Serves 8 as a starter


24 Pacific oysters

1 clove garlic, crushed

1 teaspoon freshly ginger, grated

2 tablespoons rice wine vinegar

2 tablespoons mirin

2 tablespoons soy sauce

4 spring onions, cut at an angle

1 red chilli, finely chopped

3 tablespoons sesame oil

6 tablespoons extra virgin olive oil

1 tablespoon finely chopped chives


To Serves

fresh seaweed (if available)

segments of lime


To make the Asian vinaigrette, mix all the ingredients in a glass jar, seal and shake well. If you can get some, place a little fresh seaweed on each plate.  Arrange 4-5 oysters per person on top and spoon a little vinaigrette over each one.  Serve with segments of lime.


Top Tip

If you can find some fresh seaweed e.g. bladder wrack, dip the fonds into boiling water for a second or two, they will turn bright green. Drop it straight into a bowl of iced water to prevent it cooking and to set the colour.  It will make an attractive garnish, which you could eat it if you were very hungry but it doesn’t taste delicious!  Use it soon otherwise it will go slimy.



Fennel and Parsnip Soup

Serves 8 approximately

This unexpectantly delicious combination of winter flavours is guaranteed to convert even the most ardent parsnip haters and can of course be made ahead.


50g (2ozs/1/4 stick) butter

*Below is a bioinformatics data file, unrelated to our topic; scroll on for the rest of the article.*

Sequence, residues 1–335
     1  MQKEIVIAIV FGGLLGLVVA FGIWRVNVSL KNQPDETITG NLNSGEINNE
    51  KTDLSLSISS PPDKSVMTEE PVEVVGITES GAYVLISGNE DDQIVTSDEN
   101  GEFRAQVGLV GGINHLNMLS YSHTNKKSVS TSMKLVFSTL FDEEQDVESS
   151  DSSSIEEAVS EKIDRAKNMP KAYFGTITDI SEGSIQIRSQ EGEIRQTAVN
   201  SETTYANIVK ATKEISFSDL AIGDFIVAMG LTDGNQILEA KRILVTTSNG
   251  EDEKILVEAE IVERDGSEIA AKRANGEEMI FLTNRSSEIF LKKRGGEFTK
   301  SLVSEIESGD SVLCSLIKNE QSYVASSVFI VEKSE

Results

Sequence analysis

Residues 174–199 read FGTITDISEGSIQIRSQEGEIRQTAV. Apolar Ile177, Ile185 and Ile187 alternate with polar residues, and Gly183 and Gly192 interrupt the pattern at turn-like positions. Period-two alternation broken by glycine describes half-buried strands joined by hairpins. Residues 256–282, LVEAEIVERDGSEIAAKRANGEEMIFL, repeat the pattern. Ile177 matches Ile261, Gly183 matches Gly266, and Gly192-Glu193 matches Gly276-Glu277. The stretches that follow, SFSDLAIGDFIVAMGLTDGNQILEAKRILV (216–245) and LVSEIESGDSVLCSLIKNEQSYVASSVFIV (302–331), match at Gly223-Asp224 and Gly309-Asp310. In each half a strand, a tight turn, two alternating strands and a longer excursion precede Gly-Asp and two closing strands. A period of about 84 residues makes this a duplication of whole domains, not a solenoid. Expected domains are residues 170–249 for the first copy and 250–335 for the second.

175g (6oz) onion, diced

450g (1lb) parsnips, washed, peeled and cut into 1/4 inch (5mm) dice

450g (1lb) fennel bulb, cut into 1/4 inch (5mm) dice

salt and freshly ground pepper

1.4Litre (2 1/2 pints) homemade chicken or vegetable stock

125ml (4 1/2fl oz/1/2 cup) milk

125ml (4 1/2fl oz/1/2 cup) cream



Finely chopped herb fennel or bulb fennel tops


Melt the butter and toss the diced onion, parsnips, fennel in it. Season with salt and freshly ground pepper. Cover with a butter wrapper or paper lid and the lid of the saucepan.  Cook on a gentle heat for 10-15 minutes or until soft but not coloured.  Add the hot stock and simmer for about 20 minutes or until the vegetables are completely soft and tender. Add the milk and cream. Liquidise or puree in a blender. Taste for seasoning.  Serve in bowls or a soup tureen sprinkled with finely chopped herb fennel or the tops of the fennel bulb.


Useful Tip

Pull or peel strings off the outer leaves of the fennel bulb if necessary. Trimmings can go into a stock pot.


Risotto with shrimps

Serves 6

1 3/4 – 2 1/4 pints (1 – 1.3L/4 1/3 – 5 1/2 cups) broth or homemade chicken stock

1 oz (25g/1/4 stick) butter

1 onion, finely chopped